The final resting place of Bahadur Shah Zafar II, the Last Mughal, in Yangon
Updated : 2019-06-26 13:50:13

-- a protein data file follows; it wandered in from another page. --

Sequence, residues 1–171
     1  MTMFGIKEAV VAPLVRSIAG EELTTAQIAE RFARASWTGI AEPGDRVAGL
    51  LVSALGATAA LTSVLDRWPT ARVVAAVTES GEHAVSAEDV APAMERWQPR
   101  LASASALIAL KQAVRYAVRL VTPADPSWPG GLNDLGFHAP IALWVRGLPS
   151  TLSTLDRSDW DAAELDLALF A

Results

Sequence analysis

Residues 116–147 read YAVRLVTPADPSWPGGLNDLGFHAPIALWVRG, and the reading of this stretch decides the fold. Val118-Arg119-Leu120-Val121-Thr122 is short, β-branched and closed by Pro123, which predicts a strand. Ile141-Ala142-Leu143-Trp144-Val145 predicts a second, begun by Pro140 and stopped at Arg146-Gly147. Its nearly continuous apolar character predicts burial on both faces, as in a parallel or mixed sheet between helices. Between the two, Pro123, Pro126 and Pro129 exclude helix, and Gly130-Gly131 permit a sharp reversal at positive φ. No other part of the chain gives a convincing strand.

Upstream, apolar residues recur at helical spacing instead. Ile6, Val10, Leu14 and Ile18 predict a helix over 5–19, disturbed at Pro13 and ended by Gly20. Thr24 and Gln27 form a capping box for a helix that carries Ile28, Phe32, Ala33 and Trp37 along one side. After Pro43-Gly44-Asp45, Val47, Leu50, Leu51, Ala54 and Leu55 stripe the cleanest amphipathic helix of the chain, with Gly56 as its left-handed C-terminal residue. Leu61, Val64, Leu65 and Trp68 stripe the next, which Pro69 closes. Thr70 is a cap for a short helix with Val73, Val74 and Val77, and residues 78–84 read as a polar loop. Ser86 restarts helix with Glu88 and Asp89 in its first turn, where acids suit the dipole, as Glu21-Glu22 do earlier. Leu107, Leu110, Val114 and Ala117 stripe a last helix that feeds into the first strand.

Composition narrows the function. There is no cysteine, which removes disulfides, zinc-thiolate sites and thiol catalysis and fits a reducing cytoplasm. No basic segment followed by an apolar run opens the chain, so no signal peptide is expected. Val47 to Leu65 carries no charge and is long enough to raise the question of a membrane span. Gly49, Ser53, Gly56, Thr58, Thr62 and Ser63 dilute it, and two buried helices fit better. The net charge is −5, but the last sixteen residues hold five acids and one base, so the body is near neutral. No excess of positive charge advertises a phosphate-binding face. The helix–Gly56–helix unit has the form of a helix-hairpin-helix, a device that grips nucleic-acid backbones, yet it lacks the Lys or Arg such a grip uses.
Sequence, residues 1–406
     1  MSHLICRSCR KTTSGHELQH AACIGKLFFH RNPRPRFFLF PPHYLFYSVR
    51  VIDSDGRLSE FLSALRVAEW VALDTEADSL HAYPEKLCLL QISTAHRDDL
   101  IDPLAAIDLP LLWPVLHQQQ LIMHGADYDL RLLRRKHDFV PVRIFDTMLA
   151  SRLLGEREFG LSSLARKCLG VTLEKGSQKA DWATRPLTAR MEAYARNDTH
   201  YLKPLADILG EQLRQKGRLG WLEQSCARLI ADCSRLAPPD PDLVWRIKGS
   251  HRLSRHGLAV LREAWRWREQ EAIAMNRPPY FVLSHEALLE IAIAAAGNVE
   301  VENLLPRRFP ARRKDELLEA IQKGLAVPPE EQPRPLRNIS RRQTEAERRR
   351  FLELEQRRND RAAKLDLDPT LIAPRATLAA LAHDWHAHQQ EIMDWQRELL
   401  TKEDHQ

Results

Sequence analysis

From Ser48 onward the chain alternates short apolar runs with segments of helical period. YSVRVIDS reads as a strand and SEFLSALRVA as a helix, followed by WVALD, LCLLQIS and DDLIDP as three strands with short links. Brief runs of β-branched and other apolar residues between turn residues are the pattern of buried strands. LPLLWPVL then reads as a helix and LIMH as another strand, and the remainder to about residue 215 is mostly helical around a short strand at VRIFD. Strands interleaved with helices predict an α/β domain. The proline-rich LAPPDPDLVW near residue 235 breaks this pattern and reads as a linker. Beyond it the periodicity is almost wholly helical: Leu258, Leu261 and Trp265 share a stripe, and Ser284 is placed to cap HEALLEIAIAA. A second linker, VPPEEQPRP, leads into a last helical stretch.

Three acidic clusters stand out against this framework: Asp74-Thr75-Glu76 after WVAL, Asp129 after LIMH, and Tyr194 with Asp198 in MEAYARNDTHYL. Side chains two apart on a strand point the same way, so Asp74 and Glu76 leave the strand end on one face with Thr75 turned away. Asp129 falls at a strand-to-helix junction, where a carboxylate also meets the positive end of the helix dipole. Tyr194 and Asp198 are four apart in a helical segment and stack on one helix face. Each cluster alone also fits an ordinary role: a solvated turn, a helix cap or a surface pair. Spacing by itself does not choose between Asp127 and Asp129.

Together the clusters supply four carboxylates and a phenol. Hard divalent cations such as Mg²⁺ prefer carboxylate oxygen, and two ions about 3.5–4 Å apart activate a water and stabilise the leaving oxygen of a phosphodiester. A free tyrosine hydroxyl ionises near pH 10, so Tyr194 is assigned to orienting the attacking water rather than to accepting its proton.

The Yangon river looks the same -- wide and muddy with ships, boats and steamers ferrying passengers from dawn to dusk. Almost 150 years ago, it was in a compound close to this river and the great golden Shewdagon pagoda in Yangon, then Rangoon, that Bahadur Shah Zafar II, the Last Mughal, breathed his last in a shabby wooden house. In 1857, when the Sepoy Mutiny was at its peak, the Indian soldiers of the British army declared Bahadur Shah Zafar II as the Emperor of Hindustan. The British suppressed the mutiny ruthlessly, arrested the Mughal emperor who took refuge at the rampart of Humayun, his great ancestor. They paraded Bahadur Shah and his sons from the Nizamuddin area in Delhi to the Red Fort. The emperor was tried for treason, imprisoned and exiled to Burma (Myanmar) another territory under the British control. He and his wife were sent to Burma in a ship named Magara. Edward Ommaney, the young British military officer who accompanied Bahadur Shah wrote that ‘the pagoda is a magnificent object’. The British officer saw it from 20 miles away as they entered the Irrawady delta to the Rangoon river. Close to Shewdagon pagoda, Bahadur Shah was provided a small shabby wooden house to live. Many saw him sitting idle in the evenings outside his home. He died in custody aged 87 in 1862 -- but his poetry lived on. The pen name he used, Zafar, means victory. Defeated, demoralised and humiliated, it was an inglorious end for a man whose ancestors had for 300 years ruled a vast territory including modern-day India, Pakistan, large parts of Afghanistan and Bangladesh.Today, his tomb and the Dargah are looked after by some Burmese Muslims. Only a few Indians visit the place though it is frequented by tourists from Pakistan, Bangladesh, Turkey and Central Asian countries. On the arch, wrought in iron and painted over with gold colour are the words: ‘Dargah of Bahadur Shah Zafar — Emperor of India 1837–1857’.